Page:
Thank you for providing me with the most transformative experience of my life. It took me a considerable amount of time before I even began this letter, as I quietly thought to myself, “How do I even begin to summarize Ethiopia? How do I contain three months in a single letter?” Every single day I spent in Ethiopia was a blessing!
Initially I thought I would come to Ethiopia and be able to provide some kind of substantive assistance to the IOCC program. On the eve of my departure, I soberly admitted to myself that I had received much more than I had given.
Two thirds of my internship was spent doing a basic field evaluation for Orphaned and Vulnerable Children (OVC) program. In several different branch offices I did key-informant interviews and home visits to observe the Income Generating Activities program and support services offered for OVCs. The information gathered during these initial field visits gave me a basis to develop tools for the basic care evaluation that another intern, Kristen, put together. Kristen is doing a baseline survey of the care and support programs in 8 different branch offices. The information gathered from this baseline survey will be compiled into a report presented to USAID and DICAC, as well as integrated into this upcoming year’s work plan. I designed the tools to help evaluate the OVC component of this evaluation.
The remaining third of my internship was focused on non-HIV related projects. I did a site visit to the Tara Gedam monastery in South Gondar, where IOCC provided funding for a micro-irrigation project. During this field trip I was also able to visit different integrated rural development projects. I became really interested in water sanitation, natural resource management, and agricultural extension activities, so I approached the director of Development in DICAC to see if there were any other opportunities to visit integrated rural development projects (IRDP) close to Addis Ababa. I was very fortunate and able to visit two different IRDP sites in Hagere Mariam and Debre Birhan with the project coordinators of the two sites. I wrote a formal report following these site visits that included a needs assessment, indicating areas for possible future IOCC involvement in agricultural activities in Ethiopia. This was one of my favorite trips in Ethiopia and allowed me to learn about rural communities and food security. The Development coordinators were some of the most incredible people I met during my 3 month internship!
Before I left for Ethiopia I never thought I would have the opportunity to attend a youth awareness rally educating over 300 children on HIV/AIDS. I didn’t think I would be able to enter into the homes of countless individuals who had suffered great losses due to the pandemic. It never crossed my mind that I would be able to attend a clergy training session in both urban and rural contexts. I didn’t believe I would be able to attend meetings with officials from USAID or the regional health bureau. I could never have imagined that I would visit two monasteries with micro-irrigation and spring development projects and meet personally with the abbot. Yet through IOCC all of this was given to me, and much, much more. I cannot tell you how many times I asked myself, “How was I considered worthy of this experience?”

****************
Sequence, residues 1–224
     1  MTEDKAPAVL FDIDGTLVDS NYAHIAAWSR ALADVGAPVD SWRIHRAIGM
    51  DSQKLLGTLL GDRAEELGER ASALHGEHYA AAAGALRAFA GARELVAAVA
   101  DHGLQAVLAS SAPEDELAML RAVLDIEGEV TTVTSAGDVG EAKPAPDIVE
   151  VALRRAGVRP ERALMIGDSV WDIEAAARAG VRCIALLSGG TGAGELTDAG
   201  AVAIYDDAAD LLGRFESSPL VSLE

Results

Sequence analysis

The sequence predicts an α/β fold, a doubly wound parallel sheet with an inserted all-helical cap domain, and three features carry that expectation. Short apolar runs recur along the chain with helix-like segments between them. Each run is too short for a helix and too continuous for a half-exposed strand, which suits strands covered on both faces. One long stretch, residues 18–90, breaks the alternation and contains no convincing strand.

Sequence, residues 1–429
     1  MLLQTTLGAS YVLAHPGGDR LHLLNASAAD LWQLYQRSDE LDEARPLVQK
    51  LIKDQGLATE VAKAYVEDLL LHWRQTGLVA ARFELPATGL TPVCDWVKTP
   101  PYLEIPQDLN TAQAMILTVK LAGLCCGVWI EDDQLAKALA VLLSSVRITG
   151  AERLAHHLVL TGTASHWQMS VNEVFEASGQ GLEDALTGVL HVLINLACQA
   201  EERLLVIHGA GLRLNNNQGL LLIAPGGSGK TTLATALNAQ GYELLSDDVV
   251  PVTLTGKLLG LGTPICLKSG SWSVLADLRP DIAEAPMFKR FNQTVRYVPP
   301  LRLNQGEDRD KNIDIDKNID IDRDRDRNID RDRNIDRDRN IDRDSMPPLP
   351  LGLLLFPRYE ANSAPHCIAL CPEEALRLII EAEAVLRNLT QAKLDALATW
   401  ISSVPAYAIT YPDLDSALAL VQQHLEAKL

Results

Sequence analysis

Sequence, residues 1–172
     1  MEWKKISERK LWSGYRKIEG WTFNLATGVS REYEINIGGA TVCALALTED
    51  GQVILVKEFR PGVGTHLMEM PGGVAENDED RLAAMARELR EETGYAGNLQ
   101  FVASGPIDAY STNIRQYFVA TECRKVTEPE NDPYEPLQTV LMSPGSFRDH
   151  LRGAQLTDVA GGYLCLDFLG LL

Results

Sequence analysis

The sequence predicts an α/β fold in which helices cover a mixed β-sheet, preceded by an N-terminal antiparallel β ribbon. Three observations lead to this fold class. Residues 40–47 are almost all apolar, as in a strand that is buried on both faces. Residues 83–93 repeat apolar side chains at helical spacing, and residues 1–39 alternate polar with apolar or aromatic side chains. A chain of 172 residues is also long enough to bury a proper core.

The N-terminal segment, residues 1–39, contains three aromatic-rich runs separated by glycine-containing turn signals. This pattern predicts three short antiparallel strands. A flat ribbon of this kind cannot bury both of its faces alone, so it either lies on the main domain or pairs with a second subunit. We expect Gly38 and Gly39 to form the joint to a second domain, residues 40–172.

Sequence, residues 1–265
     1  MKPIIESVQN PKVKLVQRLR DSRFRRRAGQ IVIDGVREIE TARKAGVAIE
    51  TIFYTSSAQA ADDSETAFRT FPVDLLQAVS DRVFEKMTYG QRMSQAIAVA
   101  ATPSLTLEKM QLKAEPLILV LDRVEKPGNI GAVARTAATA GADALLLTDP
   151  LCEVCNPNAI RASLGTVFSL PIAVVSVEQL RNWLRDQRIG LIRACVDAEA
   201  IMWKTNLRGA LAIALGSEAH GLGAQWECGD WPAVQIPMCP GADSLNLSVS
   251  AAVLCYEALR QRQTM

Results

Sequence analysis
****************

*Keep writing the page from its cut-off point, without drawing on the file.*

A significant part of my internship was witnessing the faith of the Ethiopian Orthodox Church. I have been in Orthodox countries before yet have never been exposed to such a strong Christian culture. I want to thank IOCC for sending me to a country where it is commonly believed that you must greet guests in your house as if God himself was visiting. How do I begin to describe Ethiopian hospitality, or what it feels like to receive abundantly from people who have so very little? They truly possess the ‘hospitality of Abraham.’ From the day I arrived to the day I left, one of my favorite things about Ethiopia was hearing the morning prayers starting at 5 am. Even though I couldn’t understand a word, it warmed my heart knowing that people were praying at such an early hour. Through observing the humility and piety of Ethiopian Orthodox Christians I received the greatest instruction on living as an Orthodox Christian. I have never met such saintly people who make such great sacrifices for their faith! Ethiopia is truly a blessed country, and as I transition back to life in the States I’m struggling to preserve the grace from such a holy place.
I was brought to one of the poorest countries in the world and was exposed to my own internal poverty. It will take me a long time, maybe even the rest of my life, to fully understand the significance of the three months I spent in Ethiopia. For now, I will hold the faithful life of Ethiopian Orthodox Christians as my goal, their work ethic and dedication as my model, their patience, forbearance, and humility as my aspiration, and their generosity and sincerity as my standard.